Citrus root weevil is relatively new to blueberries, but is becoming more of a prevalent issue for some Central Florida growers. Citrus root weevil typically occurs on old citrus ground that has been plowed under for blueberry production.
Doug Phillips, blueberry Extension coordinator for the University of Florida (UF), has been trying to identify some controls against this pest that have been effective in citrus production so they can be applied to blueberries. These include chemical controls and beneficial nematodes. Some UF research on beneficial nematodes is examining what’s going to be the most effective in the pine bark that blueberries are grown in.
Another challenge blueberry growers are facing is the impacts from Hurricane Irma last year. “We had standing water out in the field for a number of days, and then obviously wind damage,” explains Phillips. “Many growers, particularly in Central Florida, had thousands of plants blow over. It’s a lot of labor to reset all of those, but then you also get root damage that can make those plants more susceptible to disease, and sometimes that doesn’t show up for weeks or months afterwards.”
In addition to pest and weather challenges, lack of pollination has been reported as an issue. Pollination issues could be related to bees, weather or other factors.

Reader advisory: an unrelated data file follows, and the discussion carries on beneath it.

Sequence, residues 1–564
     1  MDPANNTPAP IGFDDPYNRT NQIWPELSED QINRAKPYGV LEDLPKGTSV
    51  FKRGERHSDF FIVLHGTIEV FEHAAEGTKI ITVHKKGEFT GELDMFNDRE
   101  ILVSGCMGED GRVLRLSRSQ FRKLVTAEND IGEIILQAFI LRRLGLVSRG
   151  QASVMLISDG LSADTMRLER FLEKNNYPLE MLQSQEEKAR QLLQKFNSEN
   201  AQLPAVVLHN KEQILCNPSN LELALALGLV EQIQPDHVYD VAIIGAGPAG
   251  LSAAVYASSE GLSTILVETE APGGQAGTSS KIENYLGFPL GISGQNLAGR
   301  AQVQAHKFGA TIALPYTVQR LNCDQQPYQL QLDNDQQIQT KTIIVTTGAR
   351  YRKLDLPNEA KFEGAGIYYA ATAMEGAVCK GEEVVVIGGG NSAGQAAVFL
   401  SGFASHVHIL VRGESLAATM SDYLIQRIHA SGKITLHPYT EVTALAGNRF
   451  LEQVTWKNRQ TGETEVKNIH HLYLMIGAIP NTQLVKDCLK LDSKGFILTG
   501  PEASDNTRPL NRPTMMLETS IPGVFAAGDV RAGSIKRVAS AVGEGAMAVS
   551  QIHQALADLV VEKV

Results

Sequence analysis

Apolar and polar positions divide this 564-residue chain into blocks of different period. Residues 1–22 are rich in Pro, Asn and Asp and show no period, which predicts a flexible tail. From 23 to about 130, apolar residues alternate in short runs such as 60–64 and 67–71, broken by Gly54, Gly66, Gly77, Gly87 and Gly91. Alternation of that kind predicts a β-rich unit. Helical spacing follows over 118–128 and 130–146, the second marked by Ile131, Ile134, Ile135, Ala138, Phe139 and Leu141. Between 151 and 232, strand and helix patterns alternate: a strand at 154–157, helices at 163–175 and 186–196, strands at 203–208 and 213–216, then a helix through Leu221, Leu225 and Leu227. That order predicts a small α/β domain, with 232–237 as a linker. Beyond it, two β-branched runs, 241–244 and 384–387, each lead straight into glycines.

UF is conducting some additional research on pollination best practices. “Through the entomology department, we’re trying to come up with more effective practices to get better pollination results. Some presentations and some articles will be forthcoming,” says Phillips.
Some growers are thinking about using bumble bees for pollination. Various research shows that bumble bees are effective pollinators of blueberries. “They tend to be a little more expensive than the managed honey bees that folks get. But because of their effectiveness and also their ability to be active in poor weather conditions and their ability to get a better pollen shed from the flowers, it’s something growers should think of to be part of the mix to manage pollination,” Phillips said.
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